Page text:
Natural creatures, such as animals and plants, provide a lot of design inspiration to human beings, which greatly promotes the development of soft mobile robots [7,8], and have become the current research hotspot and development frontier. The soft mobile robot usually consists of a soft actuator and a rigid bracket. Among them, the actuator composed of flexible materials can carry out large deformation movement, which is driven by a variety of modes, such as pneumatic [9], combustion drive [10], shape memory alloy (SMA) [11] and so on. However, the risk of combustion drive is high, and the displacement is not easy to control. SMA driven by electricity has the disadvantage of a low power ratio. Due to the characteristics of large deformation of soft materials, the energy utilization rate of pneumatic actuator is also a problem that needs to be paid attention to. In contrast, pneumatic driven actuators have the characteristics of fast response speed, high power density, low cost and easy control [12,13]. Therefore, pneumatic drive is still widely used in the field of soft robots. By changing the position and size of the air chamber structure and volume of the actuator, different motion modes can be formed, and the soft mobile robot can be driven to complete specific locomotion, such as crawling, turning locomotion of animals [14,15]. For example, the caterpillar crawls in the bow [16] and the earthworm wriggle [17], which have strong maneuvering ability and strong adaptability to the environment. Due to the cushioning effect of flexible materials, which further improves the safety in the operation process, soft mobile robots can be widely used in post-disaster rescue, pipeline detection and other fields [18,19].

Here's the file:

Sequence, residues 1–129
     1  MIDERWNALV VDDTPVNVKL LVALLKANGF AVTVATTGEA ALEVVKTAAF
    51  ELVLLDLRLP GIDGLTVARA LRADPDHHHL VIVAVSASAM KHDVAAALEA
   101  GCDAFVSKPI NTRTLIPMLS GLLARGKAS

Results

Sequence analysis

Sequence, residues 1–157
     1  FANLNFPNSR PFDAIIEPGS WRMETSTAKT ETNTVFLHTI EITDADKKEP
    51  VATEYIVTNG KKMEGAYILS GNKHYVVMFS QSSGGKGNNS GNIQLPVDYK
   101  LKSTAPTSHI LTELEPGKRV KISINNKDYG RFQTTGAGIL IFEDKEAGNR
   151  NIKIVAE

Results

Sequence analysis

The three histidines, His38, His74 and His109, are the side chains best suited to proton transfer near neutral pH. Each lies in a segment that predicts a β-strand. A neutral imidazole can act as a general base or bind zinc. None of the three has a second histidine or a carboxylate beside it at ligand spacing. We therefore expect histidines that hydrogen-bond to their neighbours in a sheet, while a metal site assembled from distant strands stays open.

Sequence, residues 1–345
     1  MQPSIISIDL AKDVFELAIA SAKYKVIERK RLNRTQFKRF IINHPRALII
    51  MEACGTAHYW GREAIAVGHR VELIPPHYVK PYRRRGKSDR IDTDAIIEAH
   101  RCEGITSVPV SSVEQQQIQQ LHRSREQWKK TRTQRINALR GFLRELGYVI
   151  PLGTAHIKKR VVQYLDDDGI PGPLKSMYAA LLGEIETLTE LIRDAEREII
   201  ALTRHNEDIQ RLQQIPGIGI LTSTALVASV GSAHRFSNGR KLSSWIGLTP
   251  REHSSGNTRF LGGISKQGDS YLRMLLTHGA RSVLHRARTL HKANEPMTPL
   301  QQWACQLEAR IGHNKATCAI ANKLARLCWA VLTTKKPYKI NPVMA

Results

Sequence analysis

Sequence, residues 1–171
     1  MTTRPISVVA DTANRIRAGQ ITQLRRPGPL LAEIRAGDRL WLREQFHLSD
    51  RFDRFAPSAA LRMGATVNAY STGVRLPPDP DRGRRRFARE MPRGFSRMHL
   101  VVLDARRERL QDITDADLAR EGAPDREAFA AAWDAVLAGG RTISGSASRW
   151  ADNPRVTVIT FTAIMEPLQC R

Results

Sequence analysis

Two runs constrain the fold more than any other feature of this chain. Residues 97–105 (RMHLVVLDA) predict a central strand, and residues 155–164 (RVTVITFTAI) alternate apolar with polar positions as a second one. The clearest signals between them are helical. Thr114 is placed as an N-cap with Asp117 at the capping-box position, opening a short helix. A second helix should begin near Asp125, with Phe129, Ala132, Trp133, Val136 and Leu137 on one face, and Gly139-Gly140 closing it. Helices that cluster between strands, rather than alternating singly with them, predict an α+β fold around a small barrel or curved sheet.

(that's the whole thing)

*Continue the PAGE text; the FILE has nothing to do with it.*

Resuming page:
The main body of a pneumatic driven actuator is mainly composed of soft materials (such as rubber, silicone, etc.), which has great flexibility. Its own body shape and movement can better adapt to the external environment, with a wide range of applications [20,21]. With the rapid development of bionics, many actuators with novel structures have been fully studied. Onal et al. [22] developed a snake-like soft robot, which consists of four bidirectional flexible parts. But it does not have autonomous steering capability. Rafsanjani et al. [23] proposed a snake-like soft robot based on the texture structure of snake scale skin and the Kirigami principle. Must et al. [24] designed a soft robot with variable stiffness to mimic the tentacles according to the internal penetration principle of plant tentacles, which can complete the extension locomotion along the rods. Zhang et al. [25] introduced an inchworm-like soft actuator, which has two functions of crawling and climbing and can complete locomotion in both terrestrial and underwater environments. Jeong et al. [26] designed a bellows shaped soft actuator with multiple air chambers according to the structure of the human hand, which has multiple bending functions and a high degree of fit with it. Although the soft actuator with bellows multi-chamber structure can improve its bending performance to a certain extent, due to the low stiffness of the soft material, it will lead to the radial main elongation ratio λ1 greater than 1, which will consume part of the work done by the air pressure on SPA. Therefore, in order to improve energy efficiency and reduce the difficulty of modeling and prototyping, many scholars have proposed the fiber-reinforced soft actuator. Singh et al. [27] developed a cylindrical fiber reinforced soft pneumatic actuator (FRSPA) with a single air chamber, which reduces the number of air chambers and has a torsion effect and can be used in rehabilitation medical scenarios. Wirekoh et al. [28] and Rakhtala et al. [29] proposed rehabilitation gloves with FRSPA structure, both of which have good bending effects and practical application. However, the effect of the number of fibers turns on the bending property and needs further study.